Turkey arrests eight bombing suspects

Police have seized bomb-making devices and Kalashnikov rifles in central Turkey as part of a probe into the four suicide bombings in Istanbul last month.

    Turkish police escort a blast suspect to a court in Istanbul

    Anatolia news agency reported that eight people, suspected of involvement in the massive bombings on 15 and 20 November which left 62 people dead, had been detained in Konya earlier this month. 

    Police discovered igniters and other devices used in the making of bombs, as well as sketches and other unspecified documents in the house where the suspects were rounded up.

    Among the eight suspects were three men believed to be senior members of Turkish groupings, linked to the al-Qaida network, which has claimed responsibility for the Istanbul blasts along with a Turkish group, the Islamist Great Eastern Raiders Front.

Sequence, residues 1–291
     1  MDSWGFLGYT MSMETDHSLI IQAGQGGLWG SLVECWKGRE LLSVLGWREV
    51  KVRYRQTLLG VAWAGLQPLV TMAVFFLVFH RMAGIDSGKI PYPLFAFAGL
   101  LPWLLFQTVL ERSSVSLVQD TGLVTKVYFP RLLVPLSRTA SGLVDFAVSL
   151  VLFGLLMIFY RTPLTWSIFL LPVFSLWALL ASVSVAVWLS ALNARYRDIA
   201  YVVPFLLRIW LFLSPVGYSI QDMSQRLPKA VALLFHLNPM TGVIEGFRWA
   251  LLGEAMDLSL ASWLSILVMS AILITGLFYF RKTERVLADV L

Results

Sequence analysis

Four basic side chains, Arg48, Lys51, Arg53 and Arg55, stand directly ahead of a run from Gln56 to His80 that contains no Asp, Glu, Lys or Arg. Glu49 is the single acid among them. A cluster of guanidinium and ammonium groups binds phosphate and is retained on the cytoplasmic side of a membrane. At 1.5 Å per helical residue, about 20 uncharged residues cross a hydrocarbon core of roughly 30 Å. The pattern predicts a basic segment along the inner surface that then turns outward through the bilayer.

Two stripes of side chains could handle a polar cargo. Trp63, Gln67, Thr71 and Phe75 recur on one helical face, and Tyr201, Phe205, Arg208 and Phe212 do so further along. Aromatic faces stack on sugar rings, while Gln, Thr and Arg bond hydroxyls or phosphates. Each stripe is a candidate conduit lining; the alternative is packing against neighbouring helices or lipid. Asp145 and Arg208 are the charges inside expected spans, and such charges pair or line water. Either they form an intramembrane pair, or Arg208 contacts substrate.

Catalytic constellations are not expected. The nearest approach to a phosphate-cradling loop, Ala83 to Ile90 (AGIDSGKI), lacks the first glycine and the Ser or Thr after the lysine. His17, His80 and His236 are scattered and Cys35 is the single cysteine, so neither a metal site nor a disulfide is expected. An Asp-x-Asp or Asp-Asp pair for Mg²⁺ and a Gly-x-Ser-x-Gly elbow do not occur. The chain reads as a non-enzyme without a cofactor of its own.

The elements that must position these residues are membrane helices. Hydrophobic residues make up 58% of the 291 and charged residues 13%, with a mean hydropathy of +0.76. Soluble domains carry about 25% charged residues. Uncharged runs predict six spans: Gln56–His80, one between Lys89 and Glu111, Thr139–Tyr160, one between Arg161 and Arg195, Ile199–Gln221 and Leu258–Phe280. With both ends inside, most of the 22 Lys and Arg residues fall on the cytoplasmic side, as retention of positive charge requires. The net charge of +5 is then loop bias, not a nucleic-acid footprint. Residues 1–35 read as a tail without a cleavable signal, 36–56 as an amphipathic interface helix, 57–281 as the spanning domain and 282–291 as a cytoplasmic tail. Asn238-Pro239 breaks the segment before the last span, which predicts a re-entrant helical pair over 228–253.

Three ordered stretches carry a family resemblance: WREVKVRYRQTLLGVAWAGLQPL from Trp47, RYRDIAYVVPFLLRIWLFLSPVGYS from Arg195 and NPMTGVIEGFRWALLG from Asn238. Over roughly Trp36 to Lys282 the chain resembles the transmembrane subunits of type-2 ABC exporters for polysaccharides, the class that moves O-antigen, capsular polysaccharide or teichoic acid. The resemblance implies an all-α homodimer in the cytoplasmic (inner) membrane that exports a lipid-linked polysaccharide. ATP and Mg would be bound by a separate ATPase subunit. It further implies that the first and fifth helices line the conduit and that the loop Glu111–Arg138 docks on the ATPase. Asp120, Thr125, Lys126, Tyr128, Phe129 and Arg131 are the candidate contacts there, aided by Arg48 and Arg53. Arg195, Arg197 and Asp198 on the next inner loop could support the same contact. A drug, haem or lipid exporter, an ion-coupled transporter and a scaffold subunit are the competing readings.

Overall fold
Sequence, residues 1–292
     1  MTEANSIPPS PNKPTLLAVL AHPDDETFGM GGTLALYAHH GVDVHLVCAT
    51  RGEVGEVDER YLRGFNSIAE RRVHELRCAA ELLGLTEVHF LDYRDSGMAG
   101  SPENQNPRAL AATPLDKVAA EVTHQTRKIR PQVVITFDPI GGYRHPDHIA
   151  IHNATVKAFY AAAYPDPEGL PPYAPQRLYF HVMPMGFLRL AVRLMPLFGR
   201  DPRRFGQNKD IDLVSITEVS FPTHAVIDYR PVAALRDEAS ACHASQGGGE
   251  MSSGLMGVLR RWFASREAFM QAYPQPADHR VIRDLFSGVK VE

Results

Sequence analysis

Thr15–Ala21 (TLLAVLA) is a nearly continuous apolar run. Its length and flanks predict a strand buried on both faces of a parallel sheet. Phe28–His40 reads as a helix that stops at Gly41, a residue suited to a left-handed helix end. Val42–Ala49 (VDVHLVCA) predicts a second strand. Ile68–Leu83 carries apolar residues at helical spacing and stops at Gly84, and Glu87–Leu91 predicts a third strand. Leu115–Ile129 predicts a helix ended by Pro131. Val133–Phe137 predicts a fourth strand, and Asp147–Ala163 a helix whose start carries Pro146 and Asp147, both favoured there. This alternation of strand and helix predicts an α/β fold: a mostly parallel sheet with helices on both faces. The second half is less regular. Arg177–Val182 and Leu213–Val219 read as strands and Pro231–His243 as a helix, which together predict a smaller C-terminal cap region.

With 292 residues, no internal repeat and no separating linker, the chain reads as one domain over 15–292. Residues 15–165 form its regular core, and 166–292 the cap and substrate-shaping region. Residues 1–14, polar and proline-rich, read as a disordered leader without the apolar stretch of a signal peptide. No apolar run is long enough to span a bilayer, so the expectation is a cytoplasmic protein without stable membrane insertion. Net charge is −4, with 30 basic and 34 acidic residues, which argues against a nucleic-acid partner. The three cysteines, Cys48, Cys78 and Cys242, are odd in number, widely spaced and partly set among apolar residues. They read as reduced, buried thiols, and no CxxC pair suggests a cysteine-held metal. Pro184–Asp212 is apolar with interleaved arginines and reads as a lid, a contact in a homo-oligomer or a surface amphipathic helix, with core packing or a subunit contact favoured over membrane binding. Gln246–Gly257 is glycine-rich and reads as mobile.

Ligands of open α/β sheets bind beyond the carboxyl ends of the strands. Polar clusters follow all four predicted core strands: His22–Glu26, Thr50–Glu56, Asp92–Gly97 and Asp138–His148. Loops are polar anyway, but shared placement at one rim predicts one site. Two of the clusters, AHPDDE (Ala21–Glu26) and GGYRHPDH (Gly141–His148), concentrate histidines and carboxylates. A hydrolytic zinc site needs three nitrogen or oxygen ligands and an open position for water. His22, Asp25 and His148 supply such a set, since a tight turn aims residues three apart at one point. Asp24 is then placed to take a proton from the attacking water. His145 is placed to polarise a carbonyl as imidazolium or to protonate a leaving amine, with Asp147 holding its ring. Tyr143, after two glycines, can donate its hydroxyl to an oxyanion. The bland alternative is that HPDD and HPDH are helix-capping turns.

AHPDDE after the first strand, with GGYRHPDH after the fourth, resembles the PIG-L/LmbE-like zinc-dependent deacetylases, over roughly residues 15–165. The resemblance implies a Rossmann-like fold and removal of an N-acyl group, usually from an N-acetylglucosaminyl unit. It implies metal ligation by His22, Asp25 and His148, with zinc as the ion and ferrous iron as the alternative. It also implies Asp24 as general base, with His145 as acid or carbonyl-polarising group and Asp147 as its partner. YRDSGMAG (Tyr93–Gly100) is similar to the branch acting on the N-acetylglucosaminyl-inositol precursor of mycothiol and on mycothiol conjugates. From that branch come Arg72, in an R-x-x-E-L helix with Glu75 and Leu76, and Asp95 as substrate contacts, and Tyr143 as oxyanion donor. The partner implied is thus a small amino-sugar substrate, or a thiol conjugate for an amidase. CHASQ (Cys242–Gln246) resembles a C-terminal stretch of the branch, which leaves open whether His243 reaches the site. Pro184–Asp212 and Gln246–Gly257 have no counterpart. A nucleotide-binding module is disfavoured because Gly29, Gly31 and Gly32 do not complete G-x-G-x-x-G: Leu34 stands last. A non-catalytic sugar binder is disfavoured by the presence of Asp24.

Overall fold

Following the testimony of one of the men, police conducted a second search in the house and found five Kalashnikov rifles and 1000 bullets in a secret compound, Anatolia said. 

    It did not say when the operations took place.

    The report coincided with the seizure of a massive amount of bomb-making equipment in Istanbul, reported by the media on Tuesday.

    The press said police had seized enough material to build five truck bombs similar to those which rocked the city last month.

    Officials have said they will make a statement on the issue

    New attacks

    In a document leaked to the media this week, the police warned of possible new attacks during the New Year holidays, but officials sought to play down the threat. 

    The memo said police had intelligence that several people from a group of militants planning a new "large scale" attack in Turkey, had crossed into the country from Syria. 

    The document, dated 22 December, urges security forces to be vigilant over Christmas and mentions Western interests, particularly those of the United States and Israel, as well as the luxury Akmerkez shopping mall in Istanbul as possible targets. 

    Officials, however, said on Wednesday they had no information about a specific threat, but confirmed that security had been tightened before the New Year holidays.



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